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Protests in Bulgaria Over Roses as Petal Price Drops

Bulgarian rose petals are being produced faster than the nation’s rose oil industry can sell then, causing a dramatic drop in price that has impacted farmers during the 2018 harvest.

Flower farmers who sell products to the Bulgarian rose oil distillers have staged multiple public protests to respond to the change, and argue that a standard minimum price per kilogram must be set at a higher bar for future seasons.

The annual Bulgarian Rose Festival and Parade was celebrated in the host city of Kazanlak over the past weekend. The roses are a traditional crop in central Bulgaria, used to produce an essential oil used in cosmetics and medicine. However, Kazanlak and surrounding municipalities have been the sight of several union protests in the three rose harvest weeks prior to this festival.

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Early 20th-century rose farmers in Kazanlak.

“Until the country finds a way out with a state subsidy or a proposal to Brussels to help the rose producers, we will not stop the protests,” said Zara Klisurova, chairman of the National Union of Producers of Essential Oil, Oil and Energy Cultures in Bulgaria.

On May 19th, Klisurova and fellow rose growing farmers scattered petals across the street in Kazanlak and blocked traffic traveling from capital city Sofia to Bourgas. They announced that they would refuse to sell their product until a price tag of no less than 2.50 BGN per kg returned to the rose petals. The current price being offered by the distilleries is 1.60 BGN per kg.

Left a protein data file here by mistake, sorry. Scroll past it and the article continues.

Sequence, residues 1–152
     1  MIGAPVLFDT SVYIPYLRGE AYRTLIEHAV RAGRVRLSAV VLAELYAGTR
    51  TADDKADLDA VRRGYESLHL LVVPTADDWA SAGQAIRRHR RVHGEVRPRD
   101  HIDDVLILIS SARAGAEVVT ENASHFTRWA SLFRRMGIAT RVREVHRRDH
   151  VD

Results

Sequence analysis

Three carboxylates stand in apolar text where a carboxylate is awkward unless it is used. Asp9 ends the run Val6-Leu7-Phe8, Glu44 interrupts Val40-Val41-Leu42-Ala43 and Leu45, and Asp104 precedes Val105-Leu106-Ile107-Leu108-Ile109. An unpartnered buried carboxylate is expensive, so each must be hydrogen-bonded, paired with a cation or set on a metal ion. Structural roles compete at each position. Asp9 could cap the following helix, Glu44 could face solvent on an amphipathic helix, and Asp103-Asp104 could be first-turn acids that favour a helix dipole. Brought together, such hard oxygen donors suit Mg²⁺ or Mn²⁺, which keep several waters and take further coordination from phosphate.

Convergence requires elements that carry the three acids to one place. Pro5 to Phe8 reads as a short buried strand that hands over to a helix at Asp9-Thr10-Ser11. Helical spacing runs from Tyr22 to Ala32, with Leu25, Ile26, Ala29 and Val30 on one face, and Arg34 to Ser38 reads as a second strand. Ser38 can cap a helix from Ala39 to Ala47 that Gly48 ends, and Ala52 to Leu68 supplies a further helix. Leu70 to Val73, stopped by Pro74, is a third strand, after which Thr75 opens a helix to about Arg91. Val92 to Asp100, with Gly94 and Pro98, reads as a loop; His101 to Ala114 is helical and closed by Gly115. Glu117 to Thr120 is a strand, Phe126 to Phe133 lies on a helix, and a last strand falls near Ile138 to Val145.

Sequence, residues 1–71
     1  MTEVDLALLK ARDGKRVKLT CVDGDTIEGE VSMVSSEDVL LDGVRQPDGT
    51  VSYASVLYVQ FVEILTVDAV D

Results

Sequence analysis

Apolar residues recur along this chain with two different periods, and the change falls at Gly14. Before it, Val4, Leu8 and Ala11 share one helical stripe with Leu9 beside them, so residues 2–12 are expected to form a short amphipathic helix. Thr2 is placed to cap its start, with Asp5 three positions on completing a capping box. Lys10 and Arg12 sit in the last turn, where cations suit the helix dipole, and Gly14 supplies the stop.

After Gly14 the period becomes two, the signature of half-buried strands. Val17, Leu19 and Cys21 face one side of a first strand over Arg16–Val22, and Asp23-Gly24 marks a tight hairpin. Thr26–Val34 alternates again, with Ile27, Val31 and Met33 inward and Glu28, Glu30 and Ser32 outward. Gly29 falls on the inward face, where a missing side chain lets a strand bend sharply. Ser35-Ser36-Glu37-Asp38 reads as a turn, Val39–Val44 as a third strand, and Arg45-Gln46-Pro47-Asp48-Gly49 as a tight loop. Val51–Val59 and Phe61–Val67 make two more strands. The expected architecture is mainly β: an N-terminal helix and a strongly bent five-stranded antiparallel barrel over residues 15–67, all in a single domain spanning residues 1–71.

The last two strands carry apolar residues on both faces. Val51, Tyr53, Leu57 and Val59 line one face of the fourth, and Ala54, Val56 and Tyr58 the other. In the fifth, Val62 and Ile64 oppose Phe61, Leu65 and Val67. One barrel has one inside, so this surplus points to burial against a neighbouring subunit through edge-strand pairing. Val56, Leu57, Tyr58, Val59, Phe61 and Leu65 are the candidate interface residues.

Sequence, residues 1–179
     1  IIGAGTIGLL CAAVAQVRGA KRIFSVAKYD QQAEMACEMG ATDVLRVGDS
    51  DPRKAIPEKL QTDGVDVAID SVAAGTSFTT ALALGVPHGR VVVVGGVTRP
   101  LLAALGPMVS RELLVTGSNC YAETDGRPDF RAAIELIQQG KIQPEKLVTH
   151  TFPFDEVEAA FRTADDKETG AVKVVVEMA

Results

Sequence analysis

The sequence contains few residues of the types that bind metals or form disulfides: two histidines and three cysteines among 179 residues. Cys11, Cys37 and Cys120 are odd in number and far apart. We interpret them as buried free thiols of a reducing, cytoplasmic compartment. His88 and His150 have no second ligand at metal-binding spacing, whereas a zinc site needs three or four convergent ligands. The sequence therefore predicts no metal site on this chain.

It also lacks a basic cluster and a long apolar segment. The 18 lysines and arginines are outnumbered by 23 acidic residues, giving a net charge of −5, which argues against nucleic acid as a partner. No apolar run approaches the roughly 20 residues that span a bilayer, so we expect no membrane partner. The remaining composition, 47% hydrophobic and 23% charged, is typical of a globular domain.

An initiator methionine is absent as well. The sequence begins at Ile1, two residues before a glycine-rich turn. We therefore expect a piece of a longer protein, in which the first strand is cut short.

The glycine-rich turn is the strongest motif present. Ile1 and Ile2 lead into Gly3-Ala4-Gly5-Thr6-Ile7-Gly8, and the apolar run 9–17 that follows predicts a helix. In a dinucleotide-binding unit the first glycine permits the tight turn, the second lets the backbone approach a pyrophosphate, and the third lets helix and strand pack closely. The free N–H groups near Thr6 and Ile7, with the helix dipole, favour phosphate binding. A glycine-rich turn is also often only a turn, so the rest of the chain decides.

According to Eurostat data released in 2017, Bulgaria has the lowest standard price of labor in the European Union. In comparison to the European average price of 26.8 euros per hour, Bulgarian laborers receive an average hourly wage of 4.9 euros.

The collective production of the 2018 harvest was expected to reach 16,000 tons of petals, Minister of Agriculture Rumen Porozhanov said on a Bulgarian morning talk show program. This exceeds both the demand of rose oil in the current market and the capacity of the local distilleries to process.

In standard conditions, 3,500 to 4,000 kilograms of rose petals are needed to produce 1 kg of distilled rose oil, according to the Bulgarian National Association of Essential Oils, Perfumery or Cosmetics. This distilled oil then sells internationally for up to 6,000 euros per kilogram.

About 95 percent of Bulgarian rose oil is exported, according to Porozhanov. The majority of that is purchased by the French perfume industry, German pharmaceutical industry and by Japanese markets. The international price of rose essential oil is up to 6,000 euros per kilogram.

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The Damask Rose, a breed common in Bulgaria and valued in the international oil market.

As the popularity of these products increased over the last decade, tourism increased to the central region of the nation known as the Rose Valley due to its favorable conditions for both rose bushes and lavender. Farmers have reacted with an increased investment in the Damask Rose, a high-quality strain, and additional fields have overwhelmed the market.

Porozhanov expressed that a minimum purchase price would be an impossible legislative measure. However, he announced the drafting of a new law that could defend the farmers by regulating the exchange between producers and distillers and the quality of the product currently in surplus.

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